Personal Representatives are entitled to be compensated for the work they do in the administration of the estate.
The Will may set the rate of compensation for a Personal Representative. If the Will does not specify the rate of compensation, compensation may be approved by the residual beneficiaries of an Estate. In the absence of the approval by the residual beneficiaries, the Personal Representatives may apply to the Court to set their compensation.
Many Personal Representatives will rely on the Alberta Suggested Fee Guidelines to set their compensation. Although the Suggested Fee Guidelines are used by Personal Representatives, they have not been formally adopted by our legislation or our Courts. Ultimately, a Personal Representative may decide an hourly rate or flat fee is more appropriate for their compensation. Any proposed compensation must be assessed as fair and reasonable in the context of the Estate and the work performed.
Schedule 1, Part 1 of the Surrogate Rules of Alberta outline the principles and guidelines relating to Personal Representative compensation.
Of note are the factors a Court must consider when determining what is fair and reasonable compensation for a Personal Representative, namely:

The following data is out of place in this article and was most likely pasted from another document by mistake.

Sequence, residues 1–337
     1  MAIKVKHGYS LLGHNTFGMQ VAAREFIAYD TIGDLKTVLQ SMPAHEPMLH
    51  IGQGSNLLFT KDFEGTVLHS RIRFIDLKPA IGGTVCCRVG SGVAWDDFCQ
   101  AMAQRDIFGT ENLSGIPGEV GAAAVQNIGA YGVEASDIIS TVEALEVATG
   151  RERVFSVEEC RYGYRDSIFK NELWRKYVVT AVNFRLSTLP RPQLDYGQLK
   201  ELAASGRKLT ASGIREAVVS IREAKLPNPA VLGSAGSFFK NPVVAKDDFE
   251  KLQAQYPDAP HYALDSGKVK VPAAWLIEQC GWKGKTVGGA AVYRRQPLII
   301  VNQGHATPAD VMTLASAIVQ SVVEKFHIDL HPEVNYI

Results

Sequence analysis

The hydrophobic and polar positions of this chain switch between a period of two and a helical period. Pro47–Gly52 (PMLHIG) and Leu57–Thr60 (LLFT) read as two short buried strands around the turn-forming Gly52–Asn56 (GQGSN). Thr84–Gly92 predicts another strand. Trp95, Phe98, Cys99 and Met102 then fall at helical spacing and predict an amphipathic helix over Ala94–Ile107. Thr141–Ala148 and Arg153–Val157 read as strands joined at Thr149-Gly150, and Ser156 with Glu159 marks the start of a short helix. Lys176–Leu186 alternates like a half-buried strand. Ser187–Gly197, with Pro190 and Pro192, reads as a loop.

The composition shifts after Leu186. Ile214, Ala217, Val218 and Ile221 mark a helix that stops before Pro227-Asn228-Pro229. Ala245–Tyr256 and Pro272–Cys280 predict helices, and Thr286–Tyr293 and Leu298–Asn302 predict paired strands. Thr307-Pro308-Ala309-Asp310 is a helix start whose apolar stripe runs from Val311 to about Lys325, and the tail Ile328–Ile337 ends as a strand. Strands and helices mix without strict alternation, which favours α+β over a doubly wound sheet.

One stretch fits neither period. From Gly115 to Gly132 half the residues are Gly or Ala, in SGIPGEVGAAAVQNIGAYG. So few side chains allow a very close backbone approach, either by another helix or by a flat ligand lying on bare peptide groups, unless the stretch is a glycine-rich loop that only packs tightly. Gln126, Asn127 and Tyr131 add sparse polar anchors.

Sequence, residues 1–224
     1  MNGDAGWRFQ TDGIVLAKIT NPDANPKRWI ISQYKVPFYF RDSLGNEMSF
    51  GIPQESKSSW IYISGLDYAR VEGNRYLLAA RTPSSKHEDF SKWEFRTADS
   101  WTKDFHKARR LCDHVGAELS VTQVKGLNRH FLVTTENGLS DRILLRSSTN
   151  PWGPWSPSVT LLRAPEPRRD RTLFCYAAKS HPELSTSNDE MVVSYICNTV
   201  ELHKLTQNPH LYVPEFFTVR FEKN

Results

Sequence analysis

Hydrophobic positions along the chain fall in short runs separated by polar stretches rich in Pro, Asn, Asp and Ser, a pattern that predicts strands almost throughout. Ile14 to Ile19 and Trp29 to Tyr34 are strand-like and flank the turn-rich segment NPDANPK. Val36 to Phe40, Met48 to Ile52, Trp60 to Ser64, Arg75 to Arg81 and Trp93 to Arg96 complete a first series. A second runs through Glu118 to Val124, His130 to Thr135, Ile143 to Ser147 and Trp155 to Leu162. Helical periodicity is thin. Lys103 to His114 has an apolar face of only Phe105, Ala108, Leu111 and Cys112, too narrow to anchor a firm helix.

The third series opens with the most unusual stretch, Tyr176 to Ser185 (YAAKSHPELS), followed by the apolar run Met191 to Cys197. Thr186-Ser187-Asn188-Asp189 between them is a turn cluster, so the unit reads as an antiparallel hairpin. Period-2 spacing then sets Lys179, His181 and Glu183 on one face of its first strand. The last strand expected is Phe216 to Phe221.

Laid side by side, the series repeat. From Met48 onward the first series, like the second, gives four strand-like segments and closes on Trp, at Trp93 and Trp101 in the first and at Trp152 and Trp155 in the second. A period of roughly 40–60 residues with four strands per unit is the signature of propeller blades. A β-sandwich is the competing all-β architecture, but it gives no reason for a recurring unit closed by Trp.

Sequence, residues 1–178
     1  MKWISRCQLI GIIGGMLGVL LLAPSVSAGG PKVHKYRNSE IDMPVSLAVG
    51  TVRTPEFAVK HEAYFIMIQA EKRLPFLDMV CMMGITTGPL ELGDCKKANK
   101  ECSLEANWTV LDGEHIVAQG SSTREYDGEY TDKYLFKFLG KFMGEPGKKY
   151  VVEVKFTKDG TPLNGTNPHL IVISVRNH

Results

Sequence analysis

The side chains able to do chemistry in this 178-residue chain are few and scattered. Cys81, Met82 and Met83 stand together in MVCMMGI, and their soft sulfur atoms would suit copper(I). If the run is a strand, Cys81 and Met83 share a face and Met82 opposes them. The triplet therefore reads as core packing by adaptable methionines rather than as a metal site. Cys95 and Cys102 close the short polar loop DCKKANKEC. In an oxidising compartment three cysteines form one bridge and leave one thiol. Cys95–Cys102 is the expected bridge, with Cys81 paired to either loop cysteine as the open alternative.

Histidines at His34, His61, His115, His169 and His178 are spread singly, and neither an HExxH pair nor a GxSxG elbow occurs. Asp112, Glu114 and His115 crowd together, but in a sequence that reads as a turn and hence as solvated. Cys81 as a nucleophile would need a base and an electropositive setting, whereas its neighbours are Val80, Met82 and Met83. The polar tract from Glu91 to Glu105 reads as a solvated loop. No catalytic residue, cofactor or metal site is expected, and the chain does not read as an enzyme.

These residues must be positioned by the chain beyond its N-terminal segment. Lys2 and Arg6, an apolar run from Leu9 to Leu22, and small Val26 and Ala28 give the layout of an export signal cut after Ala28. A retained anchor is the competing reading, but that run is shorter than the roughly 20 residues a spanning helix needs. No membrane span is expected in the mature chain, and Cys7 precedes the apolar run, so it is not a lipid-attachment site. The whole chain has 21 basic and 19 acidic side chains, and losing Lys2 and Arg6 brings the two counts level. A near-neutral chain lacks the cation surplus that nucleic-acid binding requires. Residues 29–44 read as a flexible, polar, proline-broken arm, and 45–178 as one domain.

(a) the gross value of the estate;
(b) the amount of revenue receipts and disbursements;
(c) the complexity of the work involved and whether any difficult or
(d) unusual questions were raised;
(e) the amount of skill, labour, responsibility, technological support and
(f) specialized knowledge required;
(g) the time expended;
(h) the number and complexity of tasks delegated to others;
(i) the number of personal representatives appointed in the will, if any.
The Court has the authority to increase or reduce the amount of compensation for Personal Representatives depending on the circumstances of each estate. The Alberta Courts have assessed Personal Representative fees in a number of cases, most recently, the Bruce Estate (Re), 2017 ABQB 67.